FAA to pilots: Turn off those electronic devices
updated 4:10 PM EST, Tue January 15, 2013
A new FAA proposal would limit airline pilots' use of personal electronics during a flight.
- Proposed rule would bar use of personal electronics throughout flight
- Plan stems partly from incident involving airline pilots who overflew destination
- Current rules bar use of electronics during takeoff and landing periods
Washington (CNN) -- The U.S. government is aggressively trying to curb distracted driving and is now launching an effort aimed at distracted flying.
Airline pilots would be prohibited from using personal electronics at any time during a flight, except if it directly relates to the operation of the plane, according to a new Federal Aviation Administration proposal.
A longstanding "sterile cockpit" rule currently bars the use of any personal gadgets during critical phases of flight. This usually means operations related to takeoff and landing.
The new plan ordered by Congress last year is a direct result of an infamous 2009 incident involving a Northwest Airlines crew who overflew Minneapolis by 150 miles.
The pilots later said they were distracted as they reviewed a work schedule on a personal computer.
The FAA also cited the crash of Colgan Air Flight 3407, a commuter plane that slammed into a house near Buffalo, also in 2009. A pilot aboard the ill-fated flight sent a text message on her personal cell phone just before takeoff.
While it was unrelated to the cause of the crash, transportation safety investigators used the example of crew texting in recommending regulators ban all personal electronics during flight.
"These incidents illustrate the potential for such devices to create a hazardous distraction during critical phases of flight," the proposed FAA measure said.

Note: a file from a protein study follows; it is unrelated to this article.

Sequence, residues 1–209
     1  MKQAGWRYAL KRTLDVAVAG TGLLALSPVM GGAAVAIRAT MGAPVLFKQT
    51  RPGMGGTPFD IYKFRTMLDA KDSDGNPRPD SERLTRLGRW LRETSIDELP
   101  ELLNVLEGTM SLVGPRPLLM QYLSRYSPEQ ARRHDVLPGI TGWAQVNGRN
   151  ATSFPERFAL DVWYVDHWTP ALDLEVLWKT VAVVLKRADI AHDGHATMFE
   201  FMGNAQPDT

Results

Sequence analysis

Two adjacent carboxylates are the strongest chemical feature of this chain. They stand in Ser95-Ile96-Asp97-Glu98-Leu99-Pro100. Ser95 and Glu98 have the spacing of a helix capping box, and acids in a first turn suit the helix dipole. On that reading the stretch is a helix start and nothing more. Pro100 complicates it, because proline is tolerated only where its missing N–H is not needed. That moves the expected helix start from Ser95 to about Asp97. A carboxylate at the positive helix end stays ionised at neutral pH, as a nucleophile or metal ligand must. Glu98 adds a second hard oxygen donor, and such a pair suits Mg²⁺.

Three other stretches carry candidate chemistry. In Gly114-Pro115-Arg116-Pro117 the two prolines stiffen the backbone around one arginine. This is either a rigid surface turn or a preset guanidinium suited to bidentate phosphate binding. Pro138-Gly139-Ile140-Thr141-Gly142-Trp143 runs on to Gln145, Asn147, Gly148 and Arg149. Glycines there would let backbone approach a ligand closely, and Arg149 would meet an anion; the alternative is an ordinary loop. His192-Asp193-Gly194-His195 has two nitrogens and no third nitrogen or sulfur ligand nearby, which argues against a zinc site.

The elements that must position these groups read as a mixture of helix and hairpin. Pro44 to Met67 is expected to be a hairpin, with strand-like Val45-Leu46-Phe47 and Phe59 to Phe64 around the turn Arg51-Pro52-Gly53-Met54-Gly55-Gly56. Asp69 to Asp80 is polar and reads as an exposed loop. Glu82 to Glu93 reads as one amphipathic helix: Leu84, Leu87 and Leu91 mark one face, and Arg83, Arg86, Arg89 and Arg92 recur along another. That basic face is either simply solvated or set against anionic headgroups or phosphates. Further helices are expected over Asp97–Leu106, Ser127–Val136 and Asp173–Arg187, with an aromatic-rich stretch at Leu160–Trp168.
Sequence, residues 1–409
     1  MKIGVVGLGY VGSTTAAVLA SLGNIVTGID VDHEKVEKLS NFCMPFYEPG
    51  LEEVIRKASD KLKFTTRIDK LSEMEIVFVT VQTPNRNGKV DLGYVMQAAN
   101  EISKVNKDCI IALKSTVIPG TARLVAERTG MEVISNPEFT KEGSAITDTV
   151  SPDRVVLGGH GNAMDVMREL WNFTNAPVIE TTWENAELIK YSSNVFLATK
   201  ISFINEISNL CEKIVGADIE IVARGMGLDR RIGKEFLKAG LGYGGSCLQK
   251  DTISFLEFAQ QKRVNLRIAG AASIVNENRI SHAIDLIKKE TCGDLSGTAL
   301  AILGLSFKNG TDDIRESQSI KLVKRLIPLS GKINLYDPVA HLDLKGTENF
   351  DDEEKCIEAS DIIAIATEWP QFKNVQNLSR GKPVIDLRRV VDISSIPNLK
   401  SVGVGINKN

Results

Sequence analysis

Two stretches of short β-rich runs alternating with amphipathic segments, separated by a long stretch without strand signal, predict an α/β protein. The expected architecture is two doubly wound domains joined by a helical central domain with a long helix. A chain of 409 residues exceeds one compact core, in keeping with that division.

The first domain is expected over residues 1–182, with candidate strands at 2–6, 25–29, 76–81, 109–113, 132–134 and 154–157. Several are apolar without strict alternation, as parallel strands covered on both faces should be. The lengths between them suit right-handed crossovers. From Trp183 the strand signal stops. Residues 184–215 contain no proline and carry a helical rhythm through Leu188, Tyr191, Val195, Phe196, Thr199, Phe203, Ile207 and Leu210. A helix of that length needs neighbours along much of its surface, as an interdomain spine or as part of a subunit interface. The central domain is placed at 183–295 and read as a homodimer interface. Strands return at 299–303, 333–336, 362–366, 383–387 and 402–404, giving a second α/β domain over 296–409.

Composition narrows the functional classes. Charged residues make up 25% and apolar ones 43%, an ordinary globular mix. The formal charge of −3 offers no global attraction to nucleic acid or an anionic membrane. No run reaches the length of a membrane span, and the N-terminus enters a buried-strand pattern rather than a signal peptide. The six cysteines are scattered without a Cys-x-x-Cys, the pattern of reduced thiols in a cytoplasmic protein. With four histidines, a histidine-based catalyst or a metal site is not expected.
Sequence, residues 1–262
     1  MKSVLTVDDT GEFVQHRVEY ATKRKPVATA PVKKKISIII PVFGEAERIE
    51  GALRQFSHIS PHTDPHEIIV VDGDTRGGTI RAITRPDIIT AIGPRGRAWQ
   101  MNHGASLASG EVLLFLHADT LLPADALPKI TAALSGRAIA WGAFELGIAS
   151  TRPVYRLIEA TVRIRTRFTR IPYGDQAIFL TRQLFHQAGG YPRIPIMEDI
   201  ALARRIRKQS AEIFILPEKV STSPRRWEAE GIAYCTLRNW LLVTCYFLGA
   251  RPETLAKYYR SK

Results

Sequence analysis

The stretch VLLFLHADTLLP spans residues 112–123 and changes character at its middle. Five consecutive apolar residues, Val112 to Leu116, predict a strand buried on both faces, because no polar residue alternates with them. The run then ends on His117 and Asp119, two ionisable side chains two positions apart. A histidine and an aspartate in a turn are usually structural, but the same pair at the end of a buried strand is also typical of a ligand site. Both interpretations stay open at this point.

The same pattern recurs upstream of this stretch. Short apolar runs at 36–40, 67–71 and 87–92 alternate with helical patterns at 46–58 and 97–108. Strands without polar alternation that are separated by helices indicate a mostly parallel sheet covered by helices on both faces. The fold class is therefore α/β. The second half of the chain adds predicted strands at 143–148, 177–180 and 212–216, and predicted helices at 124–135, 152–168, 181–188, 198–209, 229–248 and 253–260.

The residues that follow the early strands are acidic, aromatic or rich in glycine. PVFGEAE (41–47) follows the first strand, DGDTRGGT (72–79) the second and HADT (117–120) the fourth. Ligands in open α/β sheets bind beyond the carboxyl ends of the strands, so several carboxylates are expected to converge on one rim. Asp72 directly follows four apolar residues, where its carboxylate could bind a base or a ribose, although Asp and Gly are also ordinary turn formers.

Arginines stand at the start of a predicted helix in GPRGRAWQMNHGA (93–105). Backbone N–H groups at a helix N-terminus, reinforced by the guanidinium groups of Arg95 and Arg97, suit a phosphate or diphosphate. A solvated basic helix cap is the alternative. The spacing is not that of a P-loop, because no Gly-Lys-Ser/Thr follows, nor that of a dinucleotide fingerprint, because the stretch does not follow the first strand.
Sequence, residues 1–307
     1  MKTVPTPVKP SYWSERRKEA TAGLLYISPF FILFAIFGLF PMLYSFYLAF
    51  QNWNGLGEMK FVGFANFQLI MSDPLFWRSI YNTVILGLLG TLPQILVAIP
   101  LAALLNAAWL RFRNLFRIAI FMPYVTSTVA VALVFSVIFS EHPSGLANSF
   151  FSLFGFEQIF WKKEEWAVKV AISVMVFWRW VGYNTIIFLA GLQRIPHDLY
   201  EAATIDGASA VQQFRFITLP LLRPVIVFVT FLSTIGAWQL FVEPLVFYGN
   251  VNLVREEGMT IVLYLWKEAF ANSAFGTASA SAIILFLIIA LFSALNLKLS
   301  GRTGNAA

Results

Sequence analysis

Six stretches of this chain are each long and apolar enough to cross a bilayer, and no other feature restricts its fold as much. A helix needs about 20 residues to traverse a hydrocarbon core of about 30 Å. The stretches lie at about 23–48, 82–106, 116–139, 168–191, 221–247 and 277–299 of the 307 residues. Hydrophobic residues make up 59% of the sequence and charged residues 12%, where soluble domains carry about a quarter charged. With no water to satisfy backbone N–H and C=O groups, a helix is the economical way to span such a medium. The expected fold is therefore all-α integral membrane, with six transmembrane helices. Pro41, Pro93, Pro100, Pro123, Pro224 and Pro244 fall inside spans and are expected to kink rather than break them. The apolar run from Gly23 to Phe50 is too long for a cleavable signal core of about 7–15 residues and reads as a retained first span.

But the new prohibition, if finalized, would represent a near-blanket prohibition of electronic devices.
Pilots would be able to use laptops, tablets and other devices for flying the plane or for safety reasons only.
Part of complete coverage on
updated 10:26 AM EST, Wed February 6, 2013
Advocates say the exam includes unnecessarily invasive and irrelevant procedures -- like a so-called "two finger" test.
updated 7:09 PM EST, Tue February 5, 2013
Supplies of food, clothing and fuel are running short in Damascus and people are going hungry as the civil war drags on.
updated 1:01 PM EST, Wed February 6, 2013
Supporters of Richard III want a reconstruction of his head to bring a human aspect to a leader portrayed as a murderous villain.
updated 10:48 AM EST, Tue February 5, 2013
Robert Fowler spent 130 days held hostage by the same al Qaeda group that was behind the Algeria massacre. He shares his experience.
updated 12:07 AM EST, Wed February 6, 2013
As "We are the World" plays, a video shows what looks like a nuclear attack on the U.S. Jim Clancy reports on a bizarre video from North Korea.
The relationship is, once again, cold enough to make Obama's much-trumpeted "reset" in Russian-U.S. relations seem thoroughly off the rails.
Ten years on, what do you think the Iraq war has changed in you, and in your country? Send us your thoughts and experiences.
updated 7:15 AM EST, Tue February 5, 2013
Musician Daniela Mercury has sold more than 12 million albums worldwide over a career span of nearly 30 years.
Photojournalist Alison Wright travelled the world to capture its many faces in her latest book, "Face to Face: Portraits of the Human Spirit."
updated 7:06 PM EST, Tue February 5, 2013
Europol claims 380 soccer matches, including top level ones, were fixed - as the scandal widens, CNN's Dan Rivers looks at how it's done.
updated 7:37 AM EST, Wed February 6, 2013
That galaxy far, far away is apparently bigger than first thought. The "Star Wars" franchise will get two spinoff movies, Disney announced.
updated 2:18 AM EST, Fri February 8, 2013
It's an essential part of any trip, an activity we all take part in. Yet almost none of us are any good at it. Souvenir buying is too often an obligatory slog.